Big news: public trust in the Israel Defense Forces dropped a full three percentage points in the last year. Now only 71 percent of Israelis (all Israelis, including non-Jews) trust their army, as opposed to 74 percent last year. The figures come from the Israel Democracy Institute’s annual Democracy Index. I would guess that the generals are not exactly quaking in their boots. But given the damning criticism of the army included in the Winograd Report (available in Hebrew here) on the Second Lebanon War, issued earlier this year, it’s rather surprising that the IDF remains so popular. Or is it?
In fact, the army remains far more popular than every other public institution in the country. Only 35 percent trust the Supreme Court (a drop of 12 points), only 17 percent the prime minister, only 37 percent the media.
Does this mean that Israel is a modern Prussia, taking glory in the macho military values embodied in its armed forces? Not exactly. Israelis are hardly alone in admiring their fighting men. In fact, armies tend to be wildly popular institutions in most countries. I recall an essay by Jorge Luis Borges (I can’t find the specific reference right now) in which he explained the central place of the army in the society of Argentina and the admiration in which it was held-despite that army’s penchant for staging coups d’etat and pushing those who don’t admire it out of airplanes.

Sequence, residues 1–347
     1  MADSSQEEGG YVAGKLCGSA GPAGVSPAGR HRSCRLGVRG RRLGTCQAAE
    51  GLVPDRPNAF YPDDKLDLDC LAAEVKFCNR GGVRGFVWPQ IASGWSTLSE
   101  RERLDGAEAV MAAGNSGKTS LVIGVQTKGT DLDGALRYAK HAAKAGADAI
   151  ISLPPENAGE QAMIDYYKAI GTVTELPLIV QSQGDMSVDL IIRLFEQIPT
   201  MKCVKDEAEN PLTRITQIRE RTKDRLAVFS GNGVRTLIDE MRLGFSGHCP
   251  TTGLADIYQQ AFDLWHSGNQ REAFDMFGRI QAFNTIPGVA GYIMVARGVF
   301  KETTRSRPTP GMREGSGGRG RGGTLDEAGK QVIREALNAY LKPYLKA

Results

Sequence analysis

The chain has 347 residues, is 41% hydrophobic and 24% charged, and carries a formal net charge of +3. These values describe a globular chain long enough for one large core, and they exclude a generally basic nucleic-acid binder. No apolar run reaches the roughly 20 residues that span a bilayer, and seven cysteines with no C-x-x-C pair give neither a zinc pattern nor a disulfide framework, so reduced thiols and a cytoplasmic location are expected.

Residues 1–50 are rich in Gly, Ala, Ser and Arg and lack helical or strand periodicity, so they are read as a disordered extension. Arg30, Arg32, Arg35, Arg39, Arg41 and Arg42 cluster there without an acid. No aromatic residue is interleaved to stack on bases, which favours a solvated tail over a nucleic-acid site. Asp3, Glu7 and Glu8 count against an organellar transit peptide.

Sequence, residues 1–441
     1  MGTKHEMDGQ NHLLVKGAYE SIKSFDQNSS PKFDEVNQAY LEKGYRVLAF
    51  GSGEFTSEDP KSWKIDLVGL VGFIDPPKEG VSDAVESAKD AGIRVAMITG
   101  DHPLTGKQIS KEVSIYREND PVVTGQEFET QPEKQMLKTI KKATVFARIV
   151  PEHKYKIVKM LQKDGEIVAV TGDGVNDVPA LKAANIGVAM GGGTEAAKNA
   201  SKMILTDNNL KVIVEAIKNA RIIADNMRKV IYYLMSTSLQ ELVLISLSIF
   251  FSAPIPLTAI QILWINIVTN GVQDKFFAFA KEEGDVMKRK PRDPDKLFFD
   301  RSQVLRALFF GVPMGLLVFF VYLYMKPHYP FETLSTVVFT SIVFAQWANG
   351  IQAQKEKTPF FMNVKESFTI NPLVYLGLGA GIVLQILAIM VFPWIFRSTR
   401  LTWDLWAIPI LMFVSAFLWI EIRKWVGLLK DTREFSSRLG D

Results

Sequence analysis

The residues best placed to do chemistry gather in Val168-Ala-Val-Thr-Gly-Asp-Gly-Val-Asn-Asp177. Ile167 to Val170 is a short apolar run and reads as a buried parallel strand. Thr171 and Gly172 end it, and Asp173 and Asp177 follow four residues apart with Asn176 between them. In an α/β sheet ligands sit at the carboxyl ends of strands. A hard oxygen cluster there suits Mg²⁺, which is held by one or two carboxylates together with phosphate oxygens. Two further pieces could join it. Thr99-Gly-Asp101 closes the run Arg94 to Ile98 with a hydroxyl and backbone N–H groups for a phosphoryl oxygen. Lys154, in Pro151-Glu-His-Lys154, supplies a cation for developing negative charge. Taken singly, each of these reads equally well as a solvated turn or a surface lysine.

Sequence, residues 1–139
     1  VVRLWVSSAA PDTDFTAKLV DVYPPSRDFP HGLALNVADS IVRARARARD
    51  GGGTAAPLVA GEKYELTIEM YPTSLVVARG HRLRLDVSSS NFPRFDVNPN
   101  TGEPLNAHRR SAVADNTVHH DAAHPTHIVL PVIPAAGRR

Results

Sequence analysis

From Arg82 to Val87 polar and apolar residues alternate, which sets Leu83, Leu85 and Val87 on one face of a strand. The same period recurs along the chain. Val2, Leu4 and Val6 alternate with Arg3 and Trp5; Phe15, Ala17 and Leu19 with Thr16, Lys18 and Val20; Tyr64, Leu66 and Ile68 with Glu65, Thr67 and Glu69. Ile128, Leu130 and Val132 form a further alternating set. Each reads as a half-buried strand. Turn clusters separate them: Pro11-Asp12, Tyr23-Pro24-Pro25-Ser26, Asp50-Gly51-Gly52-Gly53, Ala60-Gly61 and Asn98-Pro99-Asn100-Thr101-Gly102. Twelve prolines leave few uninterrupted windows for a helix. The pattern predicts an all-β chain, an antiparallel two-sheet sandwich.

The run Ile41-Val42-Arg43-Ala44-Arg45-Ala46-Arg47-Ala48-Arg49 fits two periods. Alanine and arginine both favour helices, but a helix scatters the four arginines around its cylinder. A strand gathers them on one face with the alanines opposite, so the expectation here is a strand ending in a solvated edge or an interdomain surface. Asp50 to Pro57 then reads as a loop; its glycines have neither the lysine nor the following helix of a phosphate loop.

In Israel, an embattled country where the army is omnipresent and most citizens (still) serve or at least know many who serve, the army is not only seen as the shield of its populace-it’s also the place where most people grow up. We have a tendency to be nostalgic about the institutions in which we make the intense friendships of youth, where we experience self-discovery, face challenges, and first fall in love. Just look at homecoming weekend at any American university and imagine it in uniform.
So Israelis’ admiration of their army is only weakly connected to the army’s success or failure. The fact that it failed to take out Hezbollah in Lebanon two summers ago is not what most people here think of when a pollster asks them if they trust the army. They think about their son or daughter’s swearing-in ceremony or their buddies in the reserves.
Nevertheless, a society that trusts its army twice as much as its most popular state institution is in danger-especially a society that feels as chronically insecure as Israeli society does. Such a situation means that people are liable to look to the army to solve problems that other institutions don’t seem able to deal with. In the 1980s, when surging hyperinflation and Palestinian terrorism frightened many Israelis (even though the level of violence then was much lower than what we’ve experienced in this decade). Time and again I heard people talk seriously about a military coup as the only way to extricate the country from its impasse. I haven’t heard such talk recently, but it will come if people’s faith in their civilian institutions remains perilously low at the same time that the external threat remains high.
The IDF is, in fact, a good army all in all, and the great majority of its soldiers and officers are honorable, intelligent, talented-and committed to democracy. But, as the old Hebrew adage has it, kabdahu ve-hashdahu. Respect it-and suspect it. Don’t love it to death.